To the researchers' surprise, the civilian volunteers overwhelmingly rated this a no-shoot situation. Only 11.36%--roughly 1 out of 10--"felt that a shooting response was called for," the researchers report. "[A]pproximately 9 out of 10...were of the opinion that an officer should not fire...although all of the senior police officers consulted stated that the situation depicted absolutely required a shooting response.

"This result may have important implications for situations in which 12-person juries must evaluate a given police shooting....In any given, randomly selected jury of 12 citizens, these results suggest that on average, 1 or at most 2 jurors out of 12 would be likely to see an officer on trial in an officer-involved shooting situation as justified in shooting a perpetrator, even under the clearest and most appropriate of circumstances."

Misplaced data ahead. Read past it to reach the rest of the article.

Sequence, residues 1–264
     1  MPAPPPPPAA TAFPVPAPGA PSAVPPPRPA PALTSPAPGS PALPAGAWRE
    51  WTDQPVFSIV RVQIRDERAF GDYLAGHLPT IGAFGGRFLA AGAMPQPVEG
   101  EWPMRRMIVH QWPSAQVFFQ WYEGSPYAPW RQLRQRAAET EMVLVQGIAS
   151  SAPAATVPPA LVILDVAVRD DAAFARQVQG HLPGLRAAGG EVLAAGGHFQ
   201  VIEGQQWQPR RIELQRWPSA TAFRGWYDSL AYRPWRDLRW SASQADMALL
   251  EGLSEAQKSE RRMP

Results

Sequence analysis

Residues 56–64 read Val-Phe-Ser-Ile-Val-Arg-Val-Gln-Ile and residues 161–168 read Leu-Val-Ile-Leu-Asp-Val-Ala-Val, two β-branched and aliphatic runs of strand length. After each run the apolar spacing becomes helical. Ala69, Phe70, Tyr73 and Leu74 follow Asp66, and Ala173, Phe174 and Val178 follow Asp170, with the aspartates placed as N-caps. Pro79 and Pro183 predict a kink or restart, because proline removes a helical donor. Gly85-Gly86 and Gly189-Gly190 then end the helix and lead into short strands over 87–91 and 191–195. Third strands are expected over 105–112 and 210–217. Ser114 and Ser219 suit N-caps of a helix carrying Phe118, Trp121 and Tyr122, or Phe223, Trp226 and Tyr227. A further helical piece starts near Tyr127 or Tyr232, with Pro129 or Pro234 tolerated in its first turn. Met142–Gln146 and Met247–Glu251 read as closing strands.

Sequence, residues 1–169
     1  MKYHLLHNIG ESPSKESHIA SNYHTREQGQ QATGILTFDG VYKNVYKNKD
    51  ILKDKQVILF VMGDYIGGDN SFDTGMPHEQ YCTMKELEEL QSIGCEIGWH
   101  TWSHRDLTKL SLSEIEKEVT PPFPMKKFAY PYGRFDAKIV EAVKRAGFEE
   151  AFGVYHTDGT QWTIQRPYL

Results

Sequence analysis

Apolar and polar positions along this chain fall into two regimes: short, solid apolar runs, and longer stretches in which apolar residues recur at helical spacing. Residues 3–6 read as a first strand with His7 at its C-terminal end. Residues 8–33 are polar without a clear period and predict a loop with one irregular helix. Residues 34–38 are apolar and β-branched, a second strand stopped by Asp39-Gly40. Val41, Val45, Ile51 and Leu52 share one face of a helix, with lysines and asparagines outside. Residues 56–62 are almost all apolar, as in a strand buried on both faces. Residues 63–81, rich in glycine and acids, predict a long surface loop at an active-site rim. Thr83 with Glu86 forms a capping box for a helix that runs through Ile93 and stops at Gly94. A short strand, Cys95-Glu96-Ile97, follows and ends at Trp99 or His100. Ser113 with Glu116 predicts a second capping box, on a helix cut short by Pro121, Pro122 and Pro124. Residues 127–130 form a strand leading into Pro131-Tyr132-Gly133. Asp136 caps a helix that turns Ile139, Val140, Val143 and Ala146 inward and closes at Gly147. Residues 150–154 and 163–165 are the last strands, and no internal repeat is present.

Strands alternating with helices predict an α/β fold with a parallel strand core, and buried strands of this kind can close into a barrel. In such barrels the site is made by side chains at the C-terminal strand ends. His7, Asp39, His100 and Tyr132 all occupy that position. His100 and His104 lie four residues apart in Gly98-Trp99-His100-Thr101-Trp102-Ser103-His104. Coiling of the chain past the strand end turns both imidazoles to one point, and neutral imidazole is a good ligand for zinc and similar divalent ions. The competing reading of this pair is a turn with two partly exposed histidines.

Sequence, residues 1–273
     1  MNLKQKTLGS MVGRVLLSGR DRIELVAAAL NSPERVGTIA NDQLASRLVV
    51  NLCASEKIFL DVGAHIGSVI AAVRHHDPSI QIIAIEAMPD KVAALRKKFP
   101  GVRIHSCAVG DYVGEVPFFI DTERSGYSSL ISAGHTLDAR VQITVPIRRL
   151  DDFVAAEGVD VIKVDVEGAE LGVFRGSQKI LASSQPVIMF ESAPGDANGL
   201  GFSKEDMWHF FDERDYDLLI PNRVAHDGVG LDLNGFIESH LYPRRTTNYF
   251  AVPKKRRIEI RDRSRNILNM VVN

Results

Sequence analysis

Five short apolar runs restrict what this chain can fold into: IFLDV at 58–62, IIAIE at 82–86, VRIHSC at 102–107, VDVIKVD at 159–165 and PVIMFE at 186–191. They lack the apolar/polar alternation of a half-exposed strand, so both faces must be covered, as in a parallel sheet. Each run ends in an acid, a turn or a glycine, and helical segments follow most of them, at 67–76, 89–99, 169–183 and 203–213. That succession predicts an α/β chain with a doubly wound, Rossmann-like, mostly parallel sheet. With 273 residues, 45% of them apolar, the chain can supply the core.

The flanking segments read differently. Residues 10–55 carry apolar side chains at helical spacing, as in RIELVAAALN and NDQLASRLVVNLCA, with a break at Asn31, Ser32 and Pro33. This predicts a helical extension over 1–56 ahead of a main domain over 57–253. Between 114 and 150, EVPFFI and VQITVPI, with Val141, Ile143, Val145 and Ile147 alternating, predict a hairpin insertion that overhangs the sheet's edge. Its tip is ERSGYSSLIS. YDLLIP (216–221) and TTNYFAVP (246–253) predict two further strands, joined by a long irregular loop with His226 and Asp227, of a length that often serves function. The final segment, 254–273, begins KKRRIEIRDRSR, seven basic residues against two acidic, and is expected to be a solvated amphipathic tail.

Sharps and Hess want to conduct further research before drawing any solid gender conclusions. However, "no male respondent felt that a shooting response was justified with a female perpetrator," and only 1 in 16 female respondents favored shooting the male gunman.

The reasons the respondents gave overall for their negative views on shooting graphically illustrate the cop-civilian disconnect. Some thought the suspect wouldn't really fire because of "the daylight, public conditions of the situation." Others "concocted elaborate rules of engagement" under which an officer might shoot: if the suspect fired first, or if the suspect had already committed murder, or if the officer had first tried to "convince" the suspect to drop the gun.

Still others "literally invoked the need for clairvoyance on the part of the police, saying that an officer should not fire...because the suspect 'did not look like she wanted to kill.' Several qualified their responses with the idea that if the police had to fire, they should shoot the perpetrator's leg or arm, because...'a shot to the leg is relatively harmless....' "